- The authority of Scripture.
- The importance of personal holiness.
- The power of the Holy Spirit.
- The reality of heaven and hell.
- The gift of salvation by faith.
- The vitality of the local church.
Asbury has brought a much needed balance to Methodism. I think it's no accident that of the six largest churches in Western North Carolina Methodism, three of them have pastors with Asbury degrees.
So I feel like I've been given a gift and a legacy with an Asbury education. It's something to live up to.
Wednesday, January 21, 2009
"You've got to believe in the guy preaching before you can believe in the God the guy talks about."
Before a preacher has any credibility on his subject, he has to have credibility in his person.
Is that true?
Probably. Yet it goes almost without saying that God has long communicated his truth through pastors who were later revealed to be deeply flawed. It's a subject Paul wrestles with in Philippians 1, ending with the declaration: "But what does it matter? The important thing is that in every way, whether from false motives or true, Christ is preached. And because of this I rejoice" (1:18).
And so do I.
But even more than that . . . I want what I say and who I am to be the same thing. Imagine the power in that.
Tuesday, January 20, 2009
Monday, January 19, 2009
What is the subject on which all these people are like-minded?
Building and growing multi-cultural churches. At Good Shepherd, we call it going full color -- people from every race and tribe and tongue under one roof worshipping the one true God.
Here's something interesting: the churches where "full color" happens tend to be non-denominational and charismatic/pentecostal. Across the country, the ethnically diverse churches are new congregations without denominational ties but with expressive worship.
What's the irony in that? The main line denominations (Presbyterian, Episcopalian, Lutheran, and, yes, Methodist) have talked such diversity for years. In fact, the United Methodist Church has a number of denominational-level boards and agencies that issue proclamations about race relations in the church and in the world. We even an internal monitoring agency to ensure that all of our denominational meetings are fully "inclusive" in terms of race.
And then all those Methodists leave their "inclusive" meetings at the bureaucratic level and return home to their single-race churches. It's all backwards.
Isn't it better to focus our energy on having racially inclusive & diverse congregations?! I for one am much more interested in what happens in a local United Methodist Church than I am in what happens at a three day meeting on the national level.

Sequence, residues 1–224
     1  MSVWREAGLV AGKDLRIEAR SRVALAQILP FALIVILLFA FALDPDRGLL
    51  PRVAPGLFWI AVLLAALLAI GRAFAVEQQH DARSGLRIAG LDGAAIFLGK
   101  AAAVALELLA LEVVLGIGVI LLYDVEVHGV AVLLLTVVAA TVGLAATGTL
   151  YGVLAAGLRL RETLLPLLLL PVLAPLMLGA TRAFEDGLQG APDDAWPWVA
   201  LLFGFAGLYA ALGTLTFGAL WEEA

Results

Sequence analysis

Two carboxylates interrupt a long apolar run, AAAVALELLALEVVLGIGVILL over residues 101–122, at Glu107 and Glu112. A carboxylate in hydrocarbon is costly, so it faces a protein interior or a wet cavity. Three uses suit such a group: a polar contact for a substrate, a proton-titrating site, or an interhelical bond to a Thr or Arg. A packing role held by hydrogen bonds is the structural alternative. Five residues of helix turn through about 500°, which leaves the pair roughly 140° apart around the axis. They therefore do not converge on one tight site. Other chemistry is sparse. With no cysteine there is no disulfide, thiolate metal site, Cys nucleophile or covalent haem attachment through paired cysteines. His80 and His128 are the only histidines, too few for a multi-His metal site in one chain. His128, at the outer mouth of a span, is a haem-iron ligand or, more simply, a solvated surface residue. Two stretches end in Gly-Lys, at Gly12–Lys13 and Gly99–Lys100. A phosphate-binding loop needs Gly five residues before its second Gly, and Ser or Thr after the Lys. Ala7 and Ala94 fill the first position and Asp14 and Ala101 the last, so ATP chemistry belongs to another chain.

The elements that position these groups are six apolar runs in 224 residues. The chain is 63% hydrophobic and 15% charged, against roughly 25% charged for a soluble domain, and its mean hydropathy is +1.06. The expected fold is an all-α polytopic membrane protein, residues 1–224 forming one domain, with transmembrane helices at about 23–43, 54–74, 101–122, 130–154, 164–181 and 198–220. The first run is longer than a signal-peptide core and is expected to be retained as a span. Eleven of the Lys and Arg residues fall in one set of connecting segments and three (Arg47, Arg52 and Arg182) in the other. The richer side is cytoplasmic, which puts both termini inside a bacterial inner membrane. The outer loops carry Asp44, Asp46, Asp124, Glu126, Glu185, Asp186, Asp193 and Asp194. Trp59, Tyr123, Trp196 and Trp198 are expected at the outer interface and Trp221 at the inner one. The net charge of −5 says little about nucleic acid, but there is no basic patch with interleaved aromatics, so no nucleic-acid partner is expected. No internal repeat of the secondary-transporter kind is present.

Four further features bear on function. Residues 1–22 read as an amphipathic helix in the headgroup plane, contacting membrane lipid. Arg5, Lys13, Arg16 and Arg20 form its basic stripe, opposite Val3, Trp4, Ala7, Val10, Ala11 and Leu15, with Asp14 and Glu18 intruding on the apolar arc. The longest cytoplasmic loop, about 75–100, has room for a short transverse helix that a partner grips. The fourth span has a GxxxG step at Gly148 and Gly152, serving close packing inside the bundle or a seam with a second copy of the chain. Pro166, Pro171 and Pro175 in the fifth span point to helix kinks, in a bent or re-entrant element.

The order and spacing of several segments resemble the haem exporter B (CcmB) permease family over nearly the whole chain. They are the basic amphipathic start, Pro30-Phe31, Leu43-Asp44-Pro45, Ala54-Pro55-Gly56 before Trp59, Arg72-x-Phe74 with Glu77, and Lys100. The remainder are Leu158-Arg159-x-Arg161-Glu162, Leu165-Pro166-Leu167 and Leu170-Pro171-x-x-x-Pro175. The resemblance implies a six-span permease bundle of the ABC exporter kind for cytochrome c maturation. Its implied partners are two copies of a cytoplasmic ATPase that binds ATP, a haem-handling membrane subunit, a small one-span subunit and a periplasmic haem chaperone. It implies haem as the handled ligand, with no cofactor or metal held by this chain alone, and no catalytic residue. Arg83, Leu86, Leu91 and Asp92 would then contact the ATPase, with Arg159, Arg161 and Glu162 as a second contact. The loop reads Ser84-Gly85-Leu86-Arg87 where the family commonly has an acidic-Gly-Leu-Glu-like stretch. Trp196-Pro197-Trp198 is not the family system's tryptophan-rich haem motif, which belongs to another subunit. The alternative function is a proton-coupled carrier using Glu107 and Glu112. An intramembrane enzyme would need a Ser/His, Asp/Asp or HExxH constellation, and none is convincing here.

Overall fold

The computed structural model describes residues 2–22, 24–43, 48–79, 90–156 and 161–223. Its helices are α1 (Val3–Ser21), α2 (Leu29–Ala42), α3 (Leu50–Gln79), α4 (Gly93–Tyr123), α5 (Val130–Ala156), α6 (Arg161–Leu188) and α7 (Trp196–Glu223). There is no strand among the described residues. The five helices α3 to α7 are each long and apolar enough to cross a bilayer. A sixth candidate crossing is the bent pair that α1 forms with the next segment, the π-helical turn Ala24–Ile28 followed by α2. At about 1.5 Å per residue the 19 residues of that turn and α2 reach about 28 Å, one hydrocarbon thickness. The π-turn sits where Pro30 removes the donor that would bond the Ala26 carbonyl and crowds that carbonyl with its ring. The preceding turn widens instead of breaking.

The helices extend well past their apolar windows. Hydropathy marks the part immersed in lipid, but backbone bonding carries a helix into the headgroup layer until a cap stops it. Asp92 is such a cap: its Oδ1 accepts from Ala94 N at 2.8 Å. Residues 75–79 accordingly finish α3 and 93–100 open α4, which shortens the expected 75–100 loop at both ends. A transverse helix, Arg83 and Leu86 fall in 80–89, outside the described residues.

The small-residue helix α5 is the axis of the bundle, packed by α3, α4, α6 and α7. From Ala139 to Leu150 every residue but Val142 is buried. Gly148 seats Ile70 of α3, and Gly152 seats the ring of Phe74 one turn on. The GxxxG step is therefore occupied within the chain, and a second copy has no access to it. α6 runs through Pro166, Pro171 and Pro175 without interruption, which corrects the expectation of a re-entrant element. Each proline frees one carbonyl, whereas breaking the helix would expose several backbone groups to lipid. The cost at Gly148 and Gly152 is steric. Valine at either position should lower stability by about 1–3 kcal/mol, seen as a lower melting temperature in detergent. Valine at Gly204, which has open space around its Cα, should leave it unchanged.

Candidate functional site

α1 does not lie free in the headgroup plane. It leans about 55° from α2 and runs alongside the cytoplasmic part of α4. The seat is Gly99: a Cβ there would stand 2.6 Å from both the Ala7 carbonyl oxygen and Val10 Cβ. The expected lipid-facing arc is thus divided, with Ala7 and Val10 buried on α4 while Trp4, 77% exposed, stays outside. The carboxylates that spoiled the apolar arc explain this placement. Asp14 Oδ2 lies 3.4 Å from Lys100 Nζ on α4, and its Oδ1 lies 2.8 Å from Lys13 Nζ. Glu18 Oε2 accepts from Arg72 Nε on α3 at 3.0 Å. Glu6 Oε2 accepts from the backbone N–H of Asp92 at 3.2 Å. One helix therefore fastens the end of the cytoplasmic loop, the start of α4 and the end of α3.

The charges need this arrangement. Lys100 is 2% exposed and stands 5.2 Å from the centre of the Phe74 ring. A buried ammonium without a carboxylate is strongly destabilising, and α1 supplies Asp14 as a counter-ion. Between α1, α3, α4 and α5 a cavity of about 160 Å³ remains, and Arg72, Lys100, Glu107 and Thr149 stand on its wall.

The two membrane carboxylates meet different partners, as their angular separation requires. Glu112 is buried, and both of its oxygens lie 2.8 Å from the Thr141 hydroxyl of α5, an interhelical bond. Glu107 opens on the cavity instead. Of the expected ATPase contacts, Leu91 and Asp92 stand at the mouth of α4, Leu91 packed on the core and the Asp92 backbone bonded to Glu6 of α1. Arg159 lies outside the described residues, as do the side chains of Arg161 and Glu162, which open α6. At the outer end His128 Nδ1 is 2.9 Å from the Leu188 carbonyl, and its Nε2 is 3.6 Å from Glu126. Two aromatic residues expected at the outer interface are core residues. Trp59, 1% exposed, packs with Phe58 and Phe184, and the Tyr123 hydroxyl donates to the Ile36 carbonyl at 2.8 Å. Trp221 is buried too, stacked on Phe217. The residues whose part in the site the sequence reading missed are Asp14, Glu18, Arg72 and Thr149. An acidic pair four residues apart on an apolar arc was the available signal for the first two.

That's why we're part of Mosaix. Because we're going full color. On this level, the local church.
Friday, January 16, 2009
The message was frank and direct. You can listen to it here.
But the message was really a prelude to this testimony:
Thanks to Chris Macedo for putting audio, video, and art together to craft a Spirit-filled experience.
Thanks to the courageous woman who prepared the deeply personal testimony.
There's more Top Secret coming on Sunday as we look at "Secret Dreams." 8:30. 10:00. 11:30.
Wednesday, January 14, 2009
Tuesday, January 13, 2009
It was a time of retreat, renewal, and connection.
It was also a result of my commitment to be more focused and diligent in my leadership of my friends and colleagues on the staff.
As I've posted here before, I am in general a better leader of the congregation than I am of the staff.
Of course, as I now realize, the staff is part of the congregation!
But in leading the church as a whole, I am usually organized and disciplined. In contrast, my leadership of the staff has been haphazard and reactionary.
The prayer is that 2009 will be different. By setting the staff schedule on paper, by clarifying expectations, and by contronting difficult issues rather than wishing them away, I am trying to make our lives "behind the scenes" as healthy and impactful as the worship we craft in public on Sunday.
Because the people who work here deserve nothing less.
Friday, January 9, 2009
By now in the process, I have selected a title, excavated Scripture, unearthed one main point, and then attempted to bring that point to life. To this point, it's all pen on paper (very 20th Century, I know).
My next step is actually to write up a manuscript (on a computer, not a typewriter!). I arrange my notes and outline, pray over the keyboard, put on a CD, and off I go. Within 90 minutes I have crafted a 30 minute sermon that will actually be delivered about a month from the time it was written.
But as most of you know, that manuscript never comes on the platform with me. Nor do any notes. That's because early each morning of the week preceding the Sunday I am to give the message, I go over it. And over it. I see what works, what needs to be changed, and what needs to be added. My memory works in such a way that I can recall the order of things by "seeing" the manuscript pages in my mind's eye while I'm giving the message.